Many employees receive a bonus in addition to their base salary. Bonuses can be a one-time event or recur periodically. While you may not think that a state would consider future bonuses when calculating child support during a divorce, since they are often speculative, most states do use them in their calculations. The courts reason that it would be unfair to exclude them from their definition of income. If bonuses didn't count towards child support, parents who get bonuses would have an advantage over those who earn the same amount but receive the income as part of their regular salary.
Child support calculation is based upon the laws of individual states and therefore varies from place to place. In general, child support guidelines take into account the incomes of the parents along with certain child-related expenses like medical insurance and work-related child care costs. A payor's income is a critical factor in determining how much child support he or she must pay. Usually, states include all income from all sources, including future bonuses. Many states specifically mention bonuses in their child support codes. Other states do not include bonuses in child support calculations, but require the payor to report them yearly. The party then pays a percentage of the bonus as child support after it is received.
Some states allow courts to exclude one-time bonuses if the party can show that they will not or are unlikely to receive the bonus in the future. This does not mean, however, that sporadic bonuses will always be excluded; states can aggregate sporadic bonuses over a given time period to derive a monthly average. The only way to escape the averaging of sporadic bonuses will be to satisfy the court that bonuses will not be received in the future. In some states, the law includes one-time bonuses in determining child support by reasoning that child support is based on the payor's economic situation at the time child support is calculated, not upon what it may or may not be in the future.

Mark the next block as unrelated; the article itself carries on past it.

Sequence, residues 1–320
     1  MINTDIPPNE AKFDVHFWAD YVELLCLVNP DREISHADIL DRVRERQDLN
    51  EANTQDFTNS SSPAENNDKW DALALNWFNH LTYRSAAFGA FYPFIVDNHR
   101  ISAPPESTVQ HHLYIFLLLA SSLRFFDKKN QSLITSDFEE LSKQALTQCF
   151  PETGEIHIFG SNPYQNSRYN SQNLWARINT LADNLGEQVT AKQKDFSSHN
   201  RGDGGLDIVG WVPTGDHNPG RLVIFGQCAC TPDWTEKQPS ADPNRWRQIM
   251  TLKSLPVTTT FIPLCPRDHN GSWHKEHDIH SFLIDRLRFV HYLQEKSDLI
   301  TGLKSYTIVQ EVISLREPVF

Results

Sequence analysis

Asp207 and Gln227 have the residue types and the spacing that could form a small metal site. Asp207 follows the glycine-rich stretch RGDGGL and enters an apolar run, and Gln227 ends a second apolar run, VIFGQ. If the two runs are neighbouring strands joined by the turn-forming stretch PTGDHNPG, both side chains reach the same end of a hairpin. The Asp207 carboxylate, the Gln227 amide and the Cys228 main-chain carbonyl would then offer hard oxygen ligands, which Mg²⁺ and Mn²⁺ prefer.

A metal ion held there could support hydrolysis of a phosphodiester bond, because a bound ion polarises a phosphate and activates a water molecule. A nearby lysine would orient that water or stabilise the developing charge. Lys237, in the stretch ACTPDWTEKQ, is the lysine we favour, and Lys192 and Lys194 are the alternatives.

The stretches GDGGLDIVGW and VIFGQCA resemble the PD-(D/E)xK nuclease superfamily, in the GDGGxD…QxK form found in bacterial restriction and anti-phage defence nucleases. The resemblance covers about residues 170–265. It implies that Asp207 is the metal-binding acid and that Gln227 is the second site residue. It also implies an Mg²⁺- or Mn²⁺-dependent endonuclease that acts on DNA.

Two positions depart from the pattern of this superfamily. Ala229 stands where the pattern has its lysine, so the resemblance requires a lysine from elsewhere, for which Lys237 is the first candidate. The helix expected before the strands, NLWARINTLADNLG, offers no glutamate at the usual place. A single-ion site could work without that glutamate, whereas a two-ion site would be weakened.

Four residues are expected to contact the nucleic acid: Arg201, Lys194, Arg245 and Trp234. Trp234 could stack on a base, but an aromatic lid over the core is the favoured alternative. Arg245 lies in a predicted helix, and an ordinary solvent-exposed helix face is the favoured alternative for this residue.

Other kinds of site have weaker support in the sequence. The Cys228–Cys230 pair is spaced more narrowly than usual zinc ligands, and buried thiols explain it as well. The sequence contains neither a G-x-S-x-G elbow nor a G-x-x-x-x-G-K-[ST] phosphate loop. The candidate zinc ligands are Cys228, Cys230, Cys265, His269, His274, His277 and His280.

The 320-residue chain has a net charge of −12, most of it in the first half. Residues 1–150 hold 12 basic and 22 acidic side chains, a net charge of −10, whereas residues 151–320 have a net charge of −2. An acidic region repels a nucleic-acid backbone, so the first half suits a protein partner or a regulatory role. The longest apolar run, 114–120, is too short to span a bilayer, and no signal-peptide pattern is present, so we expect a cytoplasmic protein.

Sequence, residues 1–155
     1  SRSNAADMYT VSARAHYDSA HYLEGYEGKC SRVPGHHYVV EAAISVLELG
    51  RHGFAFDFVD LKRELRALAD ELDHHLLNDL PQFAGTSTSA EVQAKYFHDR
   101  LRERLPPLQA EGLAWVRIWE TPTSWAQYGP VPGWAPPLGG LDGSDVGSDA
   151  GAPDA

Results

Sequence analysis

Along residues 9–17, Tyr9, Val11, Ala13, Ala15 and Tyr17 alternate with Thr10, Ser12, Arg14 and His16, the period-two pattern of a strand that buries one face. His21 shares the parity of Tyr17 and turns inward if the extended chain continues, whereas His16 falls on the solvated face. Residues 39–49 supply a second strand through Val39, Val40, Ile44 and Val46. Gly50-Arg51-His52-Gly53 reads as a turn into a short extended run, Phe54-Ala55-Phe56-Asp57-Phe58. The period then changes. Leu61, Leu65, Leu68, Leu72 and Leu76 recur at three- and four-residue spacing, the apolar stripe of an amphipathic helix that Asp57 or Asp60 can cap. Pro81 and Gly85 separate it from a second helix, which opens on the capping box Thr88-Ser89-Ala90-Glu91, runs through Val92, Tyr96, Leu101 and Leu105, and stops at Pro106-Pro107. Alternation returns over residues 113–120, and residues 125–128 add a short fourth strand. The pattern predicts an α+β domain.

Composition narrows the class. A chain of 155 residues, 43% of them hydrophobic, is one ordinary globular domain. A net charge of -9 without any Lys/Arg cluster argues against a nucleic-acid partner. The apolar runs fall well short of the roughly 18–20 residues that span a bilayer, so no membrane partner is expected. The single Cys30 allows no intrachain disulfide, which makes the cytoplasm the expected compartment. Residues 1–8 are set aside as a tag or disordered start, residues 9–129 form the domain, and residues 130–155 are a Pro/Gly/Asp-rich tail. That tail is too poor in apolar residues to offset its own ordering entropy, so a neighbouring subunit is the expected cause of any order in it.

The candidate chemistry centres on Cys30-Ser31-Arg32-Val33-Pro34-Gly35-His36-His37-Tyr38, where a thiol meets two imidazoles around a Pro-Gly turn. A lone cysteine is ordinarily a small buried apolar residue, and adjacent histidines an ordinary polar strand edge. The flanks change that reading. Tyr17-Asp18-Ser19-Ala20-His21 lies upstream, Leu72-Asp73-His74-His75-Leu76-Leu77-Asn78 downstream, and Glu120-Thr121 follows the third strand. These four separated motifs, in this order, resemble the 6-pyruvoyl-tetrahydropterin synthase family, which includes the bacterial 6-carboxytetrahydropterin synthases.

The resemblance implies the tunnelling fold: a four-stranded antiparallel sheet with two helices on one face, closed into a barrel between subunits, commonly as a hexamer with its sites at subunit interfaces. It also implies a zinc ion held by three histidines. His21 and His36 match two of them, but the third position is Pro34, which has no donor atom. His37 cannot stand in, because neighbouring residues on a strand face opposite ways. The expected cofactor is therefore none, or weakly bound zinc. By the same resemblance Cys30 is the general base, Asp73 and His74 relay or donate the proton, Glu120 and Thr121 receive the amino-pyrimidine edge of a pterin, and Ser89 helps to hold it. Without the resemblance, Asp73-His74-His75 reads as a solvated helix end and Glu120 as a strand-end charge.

When a party receives a recurring bonus, some states calculate child support by averaging the party's income over a period of time. The state may also prorate the income if it is recurring, but periodic. For instance, if a person receives a bonus every five years, the state may allocate that income by dividing the bonus by 60 -- the number of months in a five-year period -- and adding it to the payor's monthly income.
Bonus Not Received
If a party paying child support receives a large bonus one year, but does not get one the next year, that party can petition the court for a modification of his child support. The moving party bases the modification petition upon earning less income than was projected in the last support order. Even if a projected bonus was not received, however, the court could still take an average of bonuses that were received in the past and add that amount to the payor's income for child support purposes.